• 4.
    Bider, Ilia
    Stockholm University, Faculty of Social Sciences, Department of Computer and Systems Sciences.
    Adequacy of business process modelling approaches2010In: Handbook of research on complex dynamic process management: techniques for adaptability in turbulent environments / [ed] Minhong Wang, Zhaohao Sun, Hershey, PA: Business Science Reference , 2010Chapter in book (Other academic)
  • 5.
    Bider, Ilia
    et al.
    Stockholm University, Faculty of Social Sciences, Department of Computer and Systems Sciences.
    Perjons, Erik A
    Stockholm University, Faculty of Social Sciences, Department of Computer and Systems Sciences.
    Evaluating adequacy of business process modelling approaches2009In: Handbook of research on complex dynamic process management: techniques for adaptability in turbulent environments / [ed] Minhong Wang and Zhaohao Sun, Hershey, PA: IGI Global, 2009Chapter in book (Other academic)
  • 6.
    Brouwers, Lisa
    et al.
    Stockholm University, Faculty of Social Sciences, Department of Computer and Systems Sciences.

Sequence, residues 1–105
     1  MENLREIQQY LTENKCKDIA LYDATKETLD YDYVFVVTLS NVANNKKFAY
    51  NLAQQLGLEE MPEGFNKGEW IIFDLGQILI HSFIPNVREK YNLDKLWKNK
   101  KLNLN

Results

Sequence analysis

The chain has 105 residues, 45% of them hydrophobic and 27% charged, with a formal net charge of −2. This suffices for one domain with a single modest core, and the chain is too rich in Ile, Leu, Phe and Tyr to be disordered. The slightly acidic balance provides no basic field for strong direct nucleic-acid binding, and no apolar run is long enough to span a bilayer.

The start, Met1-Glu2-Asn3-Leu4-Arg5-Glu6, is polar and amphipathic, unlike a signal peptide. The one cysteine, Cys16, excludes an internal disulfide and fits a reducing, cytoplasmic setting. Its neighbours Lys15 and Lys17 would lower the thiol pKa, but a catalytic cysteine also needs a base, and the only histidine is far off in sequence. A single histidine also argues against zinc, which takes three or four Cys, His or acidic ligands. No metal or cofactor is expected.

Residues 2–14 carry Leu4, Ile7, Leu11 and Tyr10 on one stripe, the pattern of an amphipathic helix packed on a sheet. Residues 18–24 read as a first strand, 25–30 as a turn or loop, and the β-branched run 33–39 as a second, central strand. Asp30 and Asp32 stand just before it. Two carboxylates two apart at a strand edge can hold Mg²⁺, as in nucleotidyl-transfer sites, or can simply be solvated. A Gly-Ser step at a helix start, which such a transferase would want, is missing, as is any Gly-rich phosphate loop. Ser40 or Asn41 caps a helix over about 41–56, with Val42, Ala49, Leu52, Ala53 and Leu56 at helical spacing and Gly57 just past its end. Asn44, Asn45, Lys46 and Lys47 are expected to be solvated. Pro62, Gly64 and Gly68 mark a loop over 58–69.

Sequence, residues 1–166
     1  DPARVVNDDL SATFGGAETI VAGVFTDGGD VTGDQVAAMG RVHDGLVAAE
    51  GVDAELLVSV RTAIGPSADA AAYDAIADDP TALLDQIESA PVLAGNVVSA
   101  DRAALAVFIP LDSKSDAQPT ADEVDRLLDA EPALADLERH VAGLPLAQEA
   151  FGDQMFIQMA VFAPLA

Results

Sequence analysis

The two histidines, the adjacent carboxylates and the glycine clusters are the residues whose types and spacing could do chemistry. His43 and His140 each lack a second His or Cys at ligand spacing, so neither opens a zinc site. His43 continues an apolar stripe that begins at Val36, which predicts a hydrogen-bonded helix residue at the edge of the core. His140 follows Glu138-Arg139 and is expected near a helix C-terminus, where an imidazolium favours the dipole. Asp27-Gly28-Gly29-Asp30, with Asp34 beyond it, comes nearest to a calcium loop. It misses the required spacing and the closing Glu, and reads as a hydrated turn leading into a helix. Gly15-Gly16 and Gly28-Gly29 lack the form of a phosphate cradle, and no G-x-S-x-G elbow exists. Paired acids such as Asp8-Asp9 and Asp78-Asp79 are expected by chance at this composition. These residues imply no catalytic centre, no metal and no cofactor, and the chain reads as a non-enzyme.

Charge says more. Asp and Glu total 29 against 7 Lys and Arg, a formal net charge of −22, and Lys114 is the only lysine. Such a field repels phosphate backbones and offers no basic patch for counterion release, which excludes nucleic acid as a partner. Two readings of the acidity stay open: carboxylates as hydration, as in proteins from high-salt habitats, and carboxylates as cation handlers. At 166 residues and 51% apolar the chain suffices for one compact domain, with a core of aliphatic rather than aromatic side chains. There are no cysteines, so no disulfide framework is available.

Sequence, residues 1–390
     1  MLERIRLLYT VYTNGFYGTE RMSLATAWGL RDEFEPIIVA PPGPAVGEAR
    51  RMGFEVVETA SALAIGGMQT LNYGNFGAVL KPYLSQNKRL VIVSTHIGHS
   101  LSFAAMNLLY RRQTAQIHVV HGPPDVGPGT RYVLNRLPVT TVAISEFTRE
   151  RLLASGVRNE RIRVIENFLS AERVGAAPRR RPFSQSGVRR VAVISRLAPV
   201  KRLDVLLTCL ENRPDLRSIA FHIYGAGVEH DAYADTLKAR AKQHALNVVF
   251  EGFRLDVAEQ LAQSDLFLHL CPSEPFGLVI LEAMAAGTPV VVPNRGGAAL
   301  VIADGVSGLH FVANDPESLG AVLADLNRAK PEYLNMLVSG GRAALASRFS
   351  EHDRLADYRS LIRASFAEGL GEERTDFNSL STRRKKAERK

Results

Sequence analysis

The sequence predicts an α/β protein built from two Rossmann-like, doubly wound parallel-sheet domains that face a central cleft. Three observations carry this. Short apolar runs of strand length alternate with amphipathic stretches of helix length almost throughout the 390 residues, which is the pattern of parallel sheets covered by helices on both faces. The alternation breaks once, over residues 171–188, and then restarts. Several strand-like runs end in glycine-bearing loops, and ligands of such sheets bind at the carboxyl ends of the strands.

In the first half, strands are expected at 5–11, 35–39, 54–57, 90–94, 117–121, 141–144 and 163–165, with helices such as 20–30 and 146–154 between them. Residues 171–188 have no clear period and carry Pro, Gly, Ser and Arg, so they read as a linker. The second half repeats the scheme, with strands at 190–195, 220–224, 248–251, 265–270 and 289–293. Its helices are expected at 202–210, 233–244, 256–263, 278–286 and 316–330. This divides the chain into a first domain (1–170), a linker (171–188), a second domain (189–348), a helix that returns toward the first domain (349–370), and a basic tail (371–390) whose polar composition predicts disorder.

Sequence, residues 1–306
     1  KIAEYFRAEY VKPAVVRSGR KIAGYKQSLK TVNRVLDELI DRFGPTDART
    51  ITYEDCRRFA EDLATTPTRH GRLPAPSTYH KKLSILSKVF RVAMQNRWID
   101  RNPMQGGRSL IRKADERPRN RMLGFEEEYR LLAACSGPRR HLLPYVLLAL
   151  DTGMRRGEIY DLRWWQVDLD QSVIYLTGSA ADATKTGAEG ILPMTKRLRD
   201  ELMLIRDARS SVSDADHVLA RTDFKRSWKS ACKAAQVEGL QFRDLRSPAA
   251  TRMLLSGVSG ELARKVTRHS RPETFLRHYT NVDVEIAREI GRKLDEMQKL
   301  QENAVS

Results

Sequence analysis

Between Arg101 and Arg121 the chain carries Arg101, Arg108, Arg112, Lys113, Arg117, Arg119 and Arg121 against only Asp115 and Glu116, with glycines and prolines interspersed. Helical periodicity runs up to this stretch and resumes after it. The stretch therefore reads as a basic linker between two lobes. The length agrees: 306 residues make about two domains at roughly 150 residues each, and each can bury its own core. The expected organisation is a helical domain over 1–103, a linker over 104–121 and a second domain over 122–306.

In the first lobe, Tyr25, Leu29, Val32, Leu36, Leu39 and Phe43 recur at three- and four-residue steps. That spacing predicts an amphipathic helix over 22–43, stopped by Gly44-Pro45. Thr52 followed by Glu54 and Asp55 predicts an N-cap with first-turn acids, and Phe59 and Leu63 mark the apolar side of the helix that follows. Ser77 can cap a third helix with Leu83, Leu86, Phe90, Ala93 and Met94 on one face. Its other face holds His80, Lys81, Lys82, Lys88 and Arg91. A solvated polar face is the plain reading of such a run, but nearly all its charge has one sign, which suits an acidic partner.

Hansson, Karin
    Stockholm University, Faculty of Social Sciences, Department of Computer and Systems Sciences.
    Ekenberg, Love
    Stockholm University, Faculty of Social Sciences, Department of Computer and Systems Sciences.
    Simulation of Three Competing Flood Management Strategies: A Case Study2002In: Applied Simulation and Modelling: Proceedings of the IASTED International Conference / [ed] L. Ubertini, Anaheim: Acta Press , 2002Conference paper (Refereed)
    Abstract [en]

    We argue that integrated catastrophe models are useful for policy decisions, for which a large degree of uncertainty is a natural ingredient. Recently, much attention has been given to the financial management of natural disasters. This article describes the results of a case study performed in northeastern Hungary where different flood management strategies have been explored and compared using an integrated catastrophe model. The area used for the pilot study is the Palad-Csecsei basin (the Pilot basin) where 4 621 persons live. The Pilot basin is located in the Upper Tisza region. An executable and geographically explicit model has been developed, linking hydrological, geographical, financial, and social data. The outcomes of the policy simulations are represented at different granularity-levels; the individual, the aggregated (entire basin), and the governmental.

  • 7.
    Cakici, Baki
    Stockholm University, Faculty of Social Sciences, Department of Computer and Systems Sciences.
    Sustainability through surveillance: ICT discourses in design documents2013In: Surveillance & Society, ISSN 1477-7487, E-ISSN 1477-7487, Vol. 11, no 1/2, 177-189 p.Article in journal (Refereed)